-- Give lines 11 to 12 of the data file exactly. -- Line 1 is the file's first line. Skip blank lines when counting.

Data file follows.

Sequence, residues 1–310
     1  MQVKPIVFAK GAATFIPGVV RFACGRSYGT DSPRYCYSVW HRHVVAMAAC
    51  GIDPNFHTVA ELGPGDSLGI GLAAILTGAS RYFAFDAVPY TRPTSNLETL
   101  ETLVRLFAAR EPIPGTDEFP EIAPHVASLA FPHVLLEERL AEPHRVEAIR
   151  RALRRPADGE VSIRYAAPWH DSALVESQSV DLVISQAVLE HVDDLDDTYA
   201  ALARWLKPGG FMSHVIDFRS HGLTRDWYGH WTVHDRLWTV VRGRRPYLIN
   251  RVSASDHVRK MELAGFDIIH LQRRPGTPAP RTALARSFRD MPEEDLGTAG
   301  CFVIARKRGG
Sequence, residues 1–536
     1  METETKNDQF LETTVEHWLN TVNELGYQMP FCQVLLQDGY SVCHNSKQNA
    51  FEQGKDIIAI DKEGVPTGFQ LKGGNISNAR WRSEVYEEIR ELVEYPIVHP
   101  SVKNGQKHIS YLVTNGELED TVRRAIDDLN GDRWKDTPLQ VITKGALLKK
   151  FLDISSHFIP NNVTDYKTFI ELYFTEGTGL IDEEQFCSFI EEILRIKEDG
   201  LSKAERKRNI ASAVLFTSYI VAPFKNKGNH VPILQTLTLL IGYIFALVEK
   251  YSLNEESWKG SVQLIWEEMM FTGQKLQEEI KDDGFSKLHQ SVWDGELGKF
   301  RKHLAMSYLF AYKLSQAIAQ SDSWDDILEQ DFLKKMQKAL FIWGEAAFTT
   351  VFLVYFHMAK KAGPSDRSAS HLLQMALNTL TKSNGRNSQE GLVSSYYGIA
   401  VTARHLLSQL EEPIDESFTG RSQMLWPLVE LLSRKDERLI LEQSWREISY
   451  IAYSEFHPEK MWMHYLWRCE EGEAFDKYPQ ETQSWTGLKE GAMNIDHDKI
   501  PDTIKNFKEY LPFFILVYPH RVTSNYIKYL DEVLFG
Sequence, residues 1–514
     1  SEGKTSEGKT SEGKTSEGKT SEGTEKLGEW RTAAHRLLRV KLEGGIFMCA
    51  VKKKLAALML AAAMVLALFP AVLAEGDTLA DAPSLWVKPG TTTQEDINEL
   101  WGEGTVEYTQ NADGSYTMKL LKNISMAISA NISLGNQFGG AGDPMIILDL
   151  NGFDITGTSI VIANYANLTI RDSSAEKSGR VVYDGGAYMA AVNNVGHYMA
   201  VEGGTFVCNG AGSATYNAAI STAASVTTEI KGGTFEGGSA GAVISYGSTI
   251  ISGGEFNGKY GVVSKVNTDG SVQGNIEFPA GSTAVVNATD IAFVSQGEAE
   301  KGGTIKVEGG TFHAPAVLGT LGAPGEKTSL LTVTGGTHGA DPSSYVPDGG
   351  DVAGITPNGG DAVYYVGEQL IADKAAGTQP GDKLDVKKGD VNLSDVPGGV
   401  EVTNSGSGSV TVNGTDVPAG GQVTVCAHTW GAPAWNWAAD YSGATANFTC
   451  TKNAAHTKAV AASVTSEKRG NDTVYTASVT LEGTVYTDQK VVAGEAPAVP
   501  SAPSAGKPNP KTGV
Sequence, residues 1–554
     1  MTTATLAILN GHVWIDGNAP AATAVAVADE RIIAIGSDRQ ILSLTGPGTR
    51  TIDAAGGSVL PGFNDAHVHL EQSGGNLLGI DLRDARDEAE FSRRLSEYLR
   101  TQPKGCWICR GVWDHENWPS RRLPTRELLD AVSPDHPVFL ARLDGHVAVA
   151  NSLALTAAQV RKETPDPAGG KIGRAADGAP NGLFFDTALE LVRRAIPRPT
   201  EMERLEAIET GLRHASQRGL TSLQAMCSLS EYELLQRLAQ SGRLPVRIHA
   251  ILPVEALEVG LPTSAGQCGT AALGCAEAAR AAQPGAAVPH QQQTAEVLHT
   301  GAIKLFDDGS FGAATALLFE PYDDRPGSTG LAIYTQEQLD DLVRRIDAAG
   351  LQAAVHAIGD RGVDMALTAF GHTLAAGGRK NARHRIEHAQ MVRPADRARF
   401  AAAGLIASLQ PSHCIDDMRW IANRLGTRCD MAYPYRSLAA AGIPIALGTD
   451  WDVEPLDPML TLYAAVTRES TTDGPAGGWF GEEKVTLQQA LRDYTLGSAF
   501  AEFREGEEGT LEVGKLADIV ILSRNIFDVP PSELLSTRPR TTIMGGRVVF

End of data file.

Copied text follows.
    51  FEQGKDIIAI DKEGVPTGFQ LKGGNISNAR WRSEVYEEIR ELVEYPIVHP
   101  SVKNGQKHIS YLVTNGELED TVRRAIDDLN GDRWKDTPLQ VITKGALLKK